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Phylum Chordata > Subphylum Vertebrate > fishes
Worm-eels and Snake-eels
Family Ophichthidae
updated Sep 2020
if you learn only 3 things about them ...
Often mistaken for snakes or worms, they are fish! They breathe through gills.
They have smooth skin instead of scales.
Most are burrowing and only active at night.

Where seen? These worm-like fishes are often seen near coral rubble where there are lots of hiding places, especially on our Southern shores. Larger snake eels sometimes also seen, especially at night.

What are worm eels? Worm-eels and snake-eels belong to the Family Ophichthidae, which belongs to the Order Anguilliformes (True eels). According to FishBase: the family has 52 genera and 250 species. They are found in tropical to warm temperate seas.

Features: 20cm-2.5m long, these fishes have a tubular body. They lack scales. Some species have pectoral fins, others don't. The head and tail are pointed and they are adapted for burrowing. They swim by moving the body in S-shapes, rather like a sea snake. In fact, some day-hunting snake eels mimic sea snakes.

Sometimes mistaken for worms or sea snakes. Here's more on how to tell apart sea snakes, eels and eel-like animals.

What do they eat? Most species are burrowing. They hunt fishes, octopus, squids and cuttlefishes and crustaceans.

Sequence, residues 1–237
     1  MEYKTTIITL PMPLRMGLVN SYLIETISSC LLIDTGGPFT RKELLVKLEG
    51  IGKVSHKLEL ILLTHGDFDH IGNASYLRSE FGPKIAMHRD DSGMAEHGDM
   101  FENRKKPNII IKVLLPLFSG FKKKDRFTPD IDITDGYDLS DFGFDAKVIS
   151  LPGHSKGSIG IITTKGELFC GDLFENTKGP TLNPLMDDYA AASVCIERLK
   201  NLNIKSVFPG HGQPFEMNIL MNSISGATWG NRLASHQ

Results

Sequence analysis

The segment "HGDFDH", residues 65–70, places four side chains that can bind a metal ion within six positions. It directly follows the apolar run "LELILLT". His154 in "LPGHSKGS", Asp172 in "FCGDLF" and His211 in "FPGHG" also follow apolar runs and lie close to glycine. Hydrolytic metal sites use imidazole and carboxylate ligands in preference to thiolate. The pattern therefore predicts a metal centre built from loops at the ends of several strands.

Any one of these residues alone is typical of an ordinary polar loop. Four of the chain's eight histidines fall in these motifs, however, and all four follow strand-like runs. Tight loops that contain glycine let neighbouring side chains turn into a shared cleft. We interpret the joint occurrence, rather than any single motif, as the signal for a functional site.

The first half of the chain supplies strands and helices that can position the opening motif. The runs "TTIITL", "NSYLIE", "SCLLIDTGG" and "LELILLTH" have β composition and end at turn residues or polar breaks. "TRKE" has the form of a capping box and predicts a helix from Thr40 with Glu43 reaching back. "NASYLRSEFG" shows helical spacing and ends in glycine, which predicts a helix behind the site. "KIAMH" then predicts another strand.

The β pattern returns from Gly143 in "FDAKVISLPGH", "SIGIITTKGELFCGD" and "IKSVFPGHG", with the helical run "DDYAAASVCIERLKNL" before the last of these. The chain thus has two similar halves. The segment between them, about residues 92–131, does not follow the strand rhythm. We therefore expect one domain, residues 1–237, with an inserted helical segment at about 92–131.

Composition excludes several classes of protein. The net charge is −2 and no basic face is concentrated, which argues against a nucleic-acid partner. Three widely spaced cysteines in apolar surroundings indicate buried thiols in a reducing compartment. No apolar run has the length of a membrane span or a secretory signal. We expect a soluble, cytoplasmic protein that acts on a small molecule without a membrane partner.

Some Worm-eels and Snake-eels on Singapore shores

Family Ophichthidae recorded for Singapore
from Wee Y.C. and Peter K. L. Ng. 1994. A First Look at Biodiversity in Singapore.
**from WORMS

  Family Ophichthidae awaiting identification
  Mangrove snake-eel

  Family Ophichthidae
  Caecula lumbricoides

sp. (Worm-eel)
Muraenichthys macropterus=**Scolecenchelys macroptera

Ophichthus apicalis
(Blunt-nose snake eel)
Ophichthus cephalozona
Ophichthus celebicus
Ophichthus evermanni=**Ophichthus lithinus
(Evermann's snake eel)
Ophichthus singapurensis

Pisodonophis boro
(Rice-paddy eel)
Pisodonophis cancrivorus
(Burrowing snake-eel)
Pisodonophis micropterus



  • Wee Y.C. and Peter K. L. Ng. 1994. A First Look at Biodiversity in Singapore. National Council on the Environment. 163pp.
  • Allen, Gerry, 2000. Marine Fishes of South-East Asia: A Field Guide for Anglers and Divers. Periplus Editions. 292 pp.
  • Kuiter, Rudie H. 2002. Guide to Sea Fishes of Australia: A Comprehensive Reference for Divers & Fishermen New Holland Publishers. 434pp.
  • Lieske, Ewald and Robert Myers. 2001. Coral Reef Fishes of the World Periplus Editions. 400pp.
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